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Study: Scented Candles As Toxic As Diesel Exhaust Fumes

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Study: Scented Candles As Toxic As Diesel Exhaust Fumes

Natalie Cone October 1, 2017

candle scented Pixabay 310x210 Study: Scented Candles as Toxic as Diesel Exhaust FumesAccording to a study, many scented candles emit carcinogenic chemicals comparable to diesel exhaust fumes.

Scented candles are popular in most households, used to create a pleasant atmosphere or cover odors. Many scented candles are made containing benzene, toluene, and lead, which are known carcinogens.

In one study, the emissions from a burning candle, whether clean or sooty, were found to be full of toxins. The study also indicated the candles may increase the blood lead levels in children.

“The fine particulate matter collected from candle emissions was similar to that of diesel engine exhaust in particle size, morphology, elemental carbon content, and adsorbed chemical constituents, although lacking detectable quantities of PAHs,” the study concludes.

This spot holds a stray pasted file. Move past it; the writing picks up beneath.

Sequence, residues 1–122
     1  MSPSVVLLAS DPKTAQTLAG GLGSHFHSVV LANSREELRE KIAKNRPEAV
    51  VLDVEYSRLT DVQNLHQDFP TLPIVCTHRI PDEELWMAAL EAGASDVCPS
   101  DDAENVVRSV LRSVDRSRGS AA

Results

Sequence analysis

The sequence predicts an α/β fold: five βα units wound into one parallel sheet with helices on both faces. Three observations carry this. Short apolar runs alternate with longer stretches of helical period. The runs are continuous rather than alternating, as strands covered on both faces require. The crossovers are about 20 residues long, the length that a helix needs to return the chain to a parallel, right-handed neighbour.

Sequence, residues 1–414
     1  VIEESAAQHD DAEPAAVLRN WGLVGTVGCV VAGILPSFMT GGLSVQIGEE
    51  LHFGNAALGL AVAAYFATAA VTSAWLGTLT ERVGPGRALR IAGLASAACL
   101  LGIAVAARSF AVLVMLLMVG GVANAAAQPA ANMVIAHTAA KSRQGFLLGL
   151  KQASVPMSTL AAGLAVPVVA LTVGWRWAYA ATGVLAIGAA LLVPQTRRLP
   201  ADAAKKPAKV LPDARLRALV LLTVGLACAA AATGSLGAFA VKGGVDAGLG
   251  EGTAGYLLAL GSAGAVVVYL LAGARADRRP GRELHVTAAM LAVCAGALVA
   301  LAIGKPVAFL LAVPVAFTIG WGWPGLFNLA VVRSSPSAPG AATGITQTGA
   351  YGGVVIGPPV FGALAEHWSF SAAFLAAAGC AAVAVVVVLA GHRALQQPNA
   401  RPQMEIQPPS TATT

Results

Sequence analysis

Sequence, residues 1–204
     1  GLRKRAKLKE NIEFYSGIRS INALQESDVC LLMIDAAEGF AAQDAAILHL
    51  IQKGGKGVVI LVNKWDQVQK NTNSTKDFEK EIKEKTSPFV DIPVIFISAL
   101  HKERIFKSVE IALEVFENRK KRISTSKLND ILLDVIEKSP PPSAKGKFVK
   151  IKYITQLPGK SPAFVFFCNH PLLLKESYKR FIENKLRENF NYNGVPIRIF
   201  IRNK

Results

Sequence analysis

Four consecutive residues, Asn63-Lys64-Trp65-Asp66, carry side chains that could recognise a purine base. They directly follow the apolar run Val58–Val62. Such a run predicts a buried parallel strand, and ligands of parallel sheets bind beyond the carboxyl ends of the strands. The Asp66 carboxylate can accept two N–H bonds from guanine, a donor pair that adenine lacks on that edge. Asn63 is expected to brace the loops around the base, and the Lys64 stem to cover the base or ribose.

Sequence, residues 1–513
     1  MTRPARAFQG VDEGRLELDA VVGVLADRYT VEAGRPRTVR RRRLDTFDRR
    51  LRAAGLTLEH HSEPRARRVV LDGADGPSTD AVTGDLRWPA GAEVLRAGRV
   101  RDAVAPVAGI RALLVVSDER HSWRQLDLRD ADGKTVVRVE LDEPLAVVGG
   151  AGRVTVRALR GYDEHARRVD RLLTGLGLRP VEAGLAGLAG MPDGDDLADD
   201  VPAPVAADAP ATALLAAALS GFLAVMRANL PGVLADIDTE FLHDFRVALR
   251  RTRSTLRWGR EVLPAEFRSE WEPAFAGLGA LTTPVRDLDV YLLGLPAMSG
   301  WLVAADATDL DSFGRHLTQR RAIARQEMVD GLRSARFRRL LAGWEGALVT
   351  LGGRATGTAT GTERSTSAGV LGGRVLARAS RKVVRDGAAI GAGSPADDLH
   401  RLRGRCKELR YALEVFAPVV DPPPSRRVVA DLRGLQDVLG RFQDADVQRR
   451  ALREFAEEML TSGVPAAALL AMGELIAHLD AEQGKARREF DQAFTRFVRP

The chemicals in the emissions also linger long after the flame has been put out.

“Due to the lower air exchange rates in newer homes,” the study states, “the residence time of emissions were determined to continue for up to 10 hours after extinguishing a candle.”

City Watch LA suggests that trimming the wick and using soy- or beeswax-based candles can significantly reduce the soot and chemical emissions. Additionally, if a candle is free of carcinogenic compounds, the label is likely to define that.

Even “clean burning” candles can still release dangerous particles that are easily pulled into the lungs. City Watch LA suggests to leave a window open near the candle to allow the benzene-laced fumes to vent out.

Benzene exposure is a serious danger, and consumers can never be cautious enough. It has been linked to life-threatening illnesses such as acute myeloid leukemia (AML), myelodysplastic syndrome (MDS), lymphomas and aplastic anemia. Benzene-related illnesses are a particular danger to those who work in close proximity to the chemical. Occupations such as auto mechanics, floor cleaners, steel workers, lab technicians and more have a higher risk of benzene exposure due to their work environment.


 

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